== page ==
It is now totally dark and the South Pole sky is alive. The barometric pressure has been very low. This affects the altitude. As pressure decreases the body feels a higher altitude. The physical altitude of the South Pole is 9,300 feet. This week the physiological altitude has been well above 11,000 feet which sometimes make simple tasks harder.
|I heated tomato soup...|
|along with grilled cheese sandwiches.|
|Many station activities.|
|61 years of South Pole winter-over pictures on the station hall of fame.|
|Posters on the station wall.|
|We recently covered all windows with cardboard to eliminate outside white light which is detrimental to dark science. This window is across from the electronics office. I added the picture of my family.|
|A fantastic sunset picture. Photo Credit: Martin Wolf|
Once again I am re-posting from 2013 about South Pole water as it has not changed.
For many years water at the South Pole was obtained by various energy and labor intensive approaches for gathering and melting snow. Until 1995 heavy machinery was used to gather snow and dump it into a mechanical ice melter. US Army Engineer Corps Raul Rodriquez developed a new approach to the ice melters. A well shaft is sunk 250 feet beneath the surface where heat is used to create a bulb shaped pool of warm water. Steam is generated in a sub-surface compartment and piped down to the well pocket. Water in the well cavity is always kept above zero degrees with the use of steam and thus the well cavity and reservoir expand over time to provide drinking water.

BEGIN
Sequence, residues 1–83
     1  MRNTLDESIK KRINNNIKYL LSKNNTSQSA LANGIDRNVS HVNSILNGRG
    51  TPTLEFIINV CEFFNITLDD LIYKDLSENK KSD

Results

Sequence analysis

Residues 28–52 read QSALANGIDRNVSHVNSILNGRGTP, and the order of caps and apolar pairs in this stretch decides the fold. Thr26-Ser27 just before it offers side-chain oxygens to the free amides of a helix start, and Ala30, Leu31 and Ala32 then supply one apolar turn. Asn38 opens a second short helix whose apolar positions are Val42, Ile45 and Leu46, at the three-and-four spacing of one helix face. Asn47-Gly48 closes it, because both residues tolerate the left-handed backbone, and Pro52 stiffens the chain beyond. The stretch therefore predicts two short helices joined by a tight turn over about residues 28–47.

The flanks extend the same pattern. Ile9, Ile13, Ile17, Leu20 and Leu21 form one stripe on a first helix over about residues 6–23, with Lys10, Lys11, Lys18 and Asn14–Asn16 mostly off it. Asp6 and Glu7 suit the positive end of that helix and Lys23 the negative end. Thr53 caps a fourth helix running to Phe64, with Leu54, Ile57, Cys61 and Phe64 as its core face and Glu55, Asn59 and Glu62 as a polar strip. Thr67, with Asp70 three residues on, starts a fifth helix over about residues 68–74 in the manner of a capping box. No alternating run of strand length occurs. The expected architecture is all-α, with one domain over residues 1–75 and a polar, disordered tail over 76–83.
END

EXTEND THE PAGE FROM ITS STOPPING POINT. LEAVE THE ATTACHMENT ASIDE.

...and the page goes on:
A typical "Rodwell" lasts 7 years or until the well becomes too deep and becomes energy intensive to extract the water. A new well is then developed. A Rodwell can provide up to 1 million gallons of fresh water before it becomes to deep to economically extract water. The South Pole is currently using Rodwell 3. This well provides the purest and oldest drinking water on earth as the current glacial ice is hundreds of years old.
|The outside structure.|
|Ice tunnel leading to the well.|
|A drawing of Scott's Expedition.|
|The autographed book of Amundsen's expedition.|
|Overlooks the big gym.|
|My wife sent this space view of the Antarctic and surrounding winter sea-ice. The tip of South America points towards the |
Antarctic peninsula. New Zealand and Australia are to the right.